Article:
• Okay, it seems the most sensible idea is to stick to the original design, buying a Zener is not particularly hard, so I don't find why should I not buy it. :) Commented Sep 17, 2021 at 18:10

Check out this 555 timer low-voltage disconnect.

The relevant notes you need to see are:

When the voltage on the trigger input is less than 1/3 of Vcc, the NE555 output pin 3 goes and stays HIGH.
When the voltage on the threshold input is greater than 2/3 of Vcc, the NE555 output pin 3 goes and stays LOW.

To repeat:
threshold pin HI, output LO
trigger pin LO, output HI

So the function is inverted, but inverting the output pin is not so hard. (use the inverting output of a relay, for example).
By replacing R1/R2 and R3/R4 with pots, you can fine-tune the trigger voltages, and the circuit will stay in its previous state while the voltage remains in between.

One thing you may have to be careful of is that the voltage of the circuit should not vary wildly, or it may cause the timer circuit to oscillate. But I suspect it should work fine. You WILL need a solid voltage reference, however, like a 3.3v or 5v regulator or similar. Do not try to run it from the battery directly as its trigger and threshold voltages will swing as the battery voltage changes.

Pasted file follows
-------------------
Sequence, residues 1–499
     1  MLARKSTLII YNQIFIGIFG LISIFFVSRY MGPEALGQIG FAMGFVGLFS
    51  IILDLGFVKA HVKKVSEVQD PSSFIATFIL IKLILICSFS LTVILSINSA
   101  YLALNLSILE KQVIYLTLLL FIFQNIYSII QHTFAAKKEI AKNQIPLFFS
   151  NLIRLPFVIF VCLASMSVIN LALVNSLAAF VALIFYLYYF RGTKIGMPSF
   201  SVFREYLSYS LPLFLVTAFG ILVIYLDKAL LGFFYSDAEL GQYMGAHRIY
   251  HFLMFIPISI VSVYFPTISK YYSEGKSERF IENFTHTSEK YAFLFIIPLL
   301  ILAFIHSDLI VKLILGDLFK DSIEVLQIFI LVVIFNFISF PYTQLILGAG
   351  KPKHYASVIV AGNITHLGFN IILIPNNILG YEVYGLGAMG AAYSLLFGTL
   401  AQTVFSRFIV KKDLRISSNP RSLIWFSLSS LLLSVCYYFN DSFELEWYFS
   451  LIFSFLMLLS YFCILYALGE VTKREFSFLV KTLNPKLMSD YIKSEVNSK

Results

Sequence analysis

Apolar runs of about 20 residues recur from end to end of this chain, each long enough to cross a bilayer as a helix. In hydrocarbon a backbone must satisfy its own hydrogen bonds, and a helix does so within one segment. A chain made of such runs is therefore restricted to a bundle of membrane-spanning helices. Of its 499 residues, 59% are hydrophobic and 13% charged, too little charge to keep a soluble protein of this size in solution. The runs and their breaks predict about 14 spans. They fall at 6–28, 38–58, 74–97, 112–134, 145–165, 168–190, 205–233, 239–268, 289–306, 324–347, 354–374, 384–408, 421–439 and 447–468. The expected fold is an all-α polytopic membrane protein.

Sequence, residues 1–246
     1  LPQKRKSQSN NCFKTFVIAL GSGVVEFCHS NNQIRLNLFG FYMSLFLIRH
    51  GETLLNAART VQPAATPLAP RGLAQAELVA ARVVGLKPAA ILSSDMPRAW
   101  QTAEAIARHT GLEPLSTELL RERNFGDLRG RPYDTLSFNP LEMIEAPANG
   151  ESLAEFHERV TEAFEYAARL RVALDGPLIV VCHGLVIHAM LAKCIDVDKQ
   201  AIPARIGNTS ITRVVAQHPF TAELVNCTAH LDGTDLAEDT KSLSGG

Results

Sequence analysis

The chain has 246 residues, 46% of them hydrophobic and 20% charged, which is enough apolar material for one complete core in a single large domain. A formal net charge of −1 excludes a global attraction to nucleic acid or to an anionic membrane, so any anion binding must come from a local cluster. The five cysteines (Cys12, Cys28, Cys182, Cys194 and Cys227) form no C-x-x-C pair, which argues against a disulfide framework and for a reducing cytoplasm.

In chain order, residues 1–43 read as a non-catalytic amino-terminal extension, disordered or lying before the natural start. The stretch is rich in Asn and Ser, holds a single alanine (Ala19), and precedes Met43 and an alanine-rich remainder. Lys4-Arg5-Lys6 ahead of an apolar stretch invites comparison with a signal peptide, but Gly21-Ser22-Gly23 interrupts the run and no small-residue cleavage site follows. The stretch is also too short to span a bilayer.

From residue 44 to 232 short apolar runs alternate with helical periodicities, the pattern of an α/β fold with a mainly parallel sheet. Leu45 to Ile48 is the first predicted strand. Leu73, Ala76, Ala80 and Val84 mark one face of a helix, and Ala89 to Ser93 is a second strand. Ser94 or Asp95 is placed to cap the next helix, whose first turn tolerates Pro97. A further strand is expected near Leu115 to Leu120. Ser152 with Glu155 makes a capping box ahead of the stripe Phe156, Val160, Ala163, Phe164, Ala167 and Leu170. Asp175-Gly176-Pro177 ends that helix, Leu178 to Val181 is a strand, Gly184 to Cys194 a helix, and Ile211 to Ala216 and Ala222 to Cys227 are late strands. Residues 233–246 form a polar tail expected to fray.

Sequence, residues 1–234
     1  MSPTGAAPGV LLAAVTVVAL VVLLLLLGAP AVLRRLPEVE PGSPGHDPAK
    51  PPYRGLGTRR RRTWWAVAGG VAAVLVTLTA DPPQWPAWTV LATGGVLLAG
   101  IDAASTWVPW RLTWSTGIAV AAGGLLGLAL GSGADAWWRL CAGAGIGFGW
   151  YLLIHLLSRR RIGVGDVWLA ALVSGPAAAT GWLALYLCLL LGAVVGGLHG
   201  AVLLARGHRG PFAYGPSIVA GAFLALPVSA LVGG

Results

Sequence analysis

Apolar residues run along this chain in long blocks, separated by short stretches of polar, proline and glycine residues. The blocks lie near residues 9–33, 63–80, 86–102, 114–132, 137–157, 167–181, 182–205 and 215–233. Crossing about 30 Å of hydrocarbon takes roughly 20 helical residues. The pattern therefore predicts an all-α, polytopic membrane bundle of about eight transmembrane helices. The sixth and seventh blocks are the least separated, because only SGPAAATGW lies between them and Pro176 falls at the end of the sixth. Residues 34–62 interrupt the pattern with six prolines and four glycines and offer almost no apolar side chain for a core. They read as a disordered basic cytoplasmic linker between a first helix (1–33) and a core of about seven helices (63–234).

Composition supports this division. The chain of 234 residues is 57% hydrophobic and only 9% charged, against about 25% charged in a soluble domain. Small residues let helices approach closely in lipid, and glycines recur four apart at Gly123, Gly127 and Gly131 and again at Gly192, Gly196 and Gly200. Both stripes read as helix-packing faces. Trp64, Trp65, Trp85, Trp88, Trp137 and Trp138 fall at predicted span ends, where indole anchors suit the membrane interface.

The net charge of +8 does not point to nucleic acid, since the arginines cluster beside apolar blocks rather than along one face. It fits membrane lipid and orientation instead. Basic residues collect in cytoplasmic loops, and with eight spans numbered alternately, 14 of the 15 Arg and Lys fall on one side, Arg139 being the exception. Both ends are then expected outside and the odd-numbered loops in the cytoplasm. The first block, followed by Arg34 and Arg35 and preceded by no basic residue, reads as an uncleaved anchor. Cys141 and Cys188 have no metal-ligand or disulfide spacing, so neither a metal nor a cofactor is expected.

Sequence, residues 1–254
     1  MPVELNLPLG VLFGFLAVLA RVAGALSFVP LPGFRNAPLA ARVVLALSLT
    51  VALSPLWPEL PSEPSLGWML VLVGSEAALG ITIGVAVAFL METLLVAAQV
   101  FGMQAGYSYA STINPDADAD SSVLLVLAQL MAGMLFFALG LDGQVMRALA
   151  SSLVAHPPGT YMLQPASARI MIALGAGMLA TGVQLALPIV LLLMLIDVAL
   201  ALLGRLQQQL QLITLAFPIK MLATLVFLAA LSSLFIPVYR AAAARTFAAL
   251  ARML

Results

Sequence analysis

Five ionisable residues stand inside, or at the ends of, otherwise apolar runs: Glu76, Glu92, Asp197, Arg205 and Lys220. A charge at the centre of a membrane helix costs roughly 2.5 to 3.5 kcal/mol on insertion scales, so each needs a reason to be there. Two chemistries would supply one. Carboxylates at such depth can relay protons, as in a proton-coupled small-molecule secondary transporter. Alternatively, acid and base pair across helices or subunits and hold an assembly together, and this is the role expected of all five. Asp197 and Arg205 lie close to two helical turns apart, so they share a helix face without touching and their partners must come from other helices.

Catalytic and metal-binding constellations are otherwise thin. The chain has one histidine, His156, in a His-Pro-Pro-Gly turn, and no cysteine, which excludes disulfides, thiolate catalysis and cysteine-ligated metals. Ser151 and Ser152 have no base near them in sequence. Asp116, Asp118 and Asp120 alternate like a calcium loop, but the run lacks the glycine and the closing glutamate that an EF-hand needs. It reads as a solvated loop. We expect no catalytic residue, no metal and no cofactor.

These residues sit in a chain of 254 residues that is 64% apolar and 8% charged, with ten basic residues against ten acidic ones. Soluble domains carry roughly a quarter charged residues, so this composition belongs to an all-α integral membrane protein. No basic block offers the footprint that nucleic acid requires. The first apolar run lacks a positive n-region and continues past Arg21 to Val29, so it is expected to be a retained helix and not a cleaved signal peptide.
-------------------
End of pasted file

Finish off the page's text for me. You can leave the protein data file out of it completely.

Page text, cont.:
• I don't have 555 on hand, but thank you for the info (and the resource link). I did learn a lot from your info, especially about the versatility of 555. I reckon I should start stocking some of these 555 chips! :) Commented Sep 17, 2021 at 18:06
• @wooncherk The 555 is an incredibly simple but powerful IC considering it's been virtually unchanged for like 50 years. Example: paleotechnologist.net/?p=548. I daresay it's the cheapest way to build your battery cut-off circuit. Plenty of 555-timer projects to be found online! Commented Sep 24, 2021 at 4:06

I did a search for "low voltage cutoff with hysteresis" and found this circuit:

It has two adjustments, one for turn on voltage, and one for turn off voltage. It uses a standard IC, the 555.

• Unfortunately this circuit has no reference voltage, the trigger points for the 555 being 1/3 and 2/3 VCC. You'd have to run it from a regulated supply to get any precision. Commented Sep 16, 2021 at 19:22
• Thanks for the answer, I don't have 555 on hand, but I'll keep this design in mind! One thing I did learn though, that 555 can be a very versatile chip, so i should stock up on it! :) Commented Sep 17, 2021 at 4:40
• @jack creasey there is a 7.5V zener regulating Vcc Commented Sep 17, 2021 at 13:30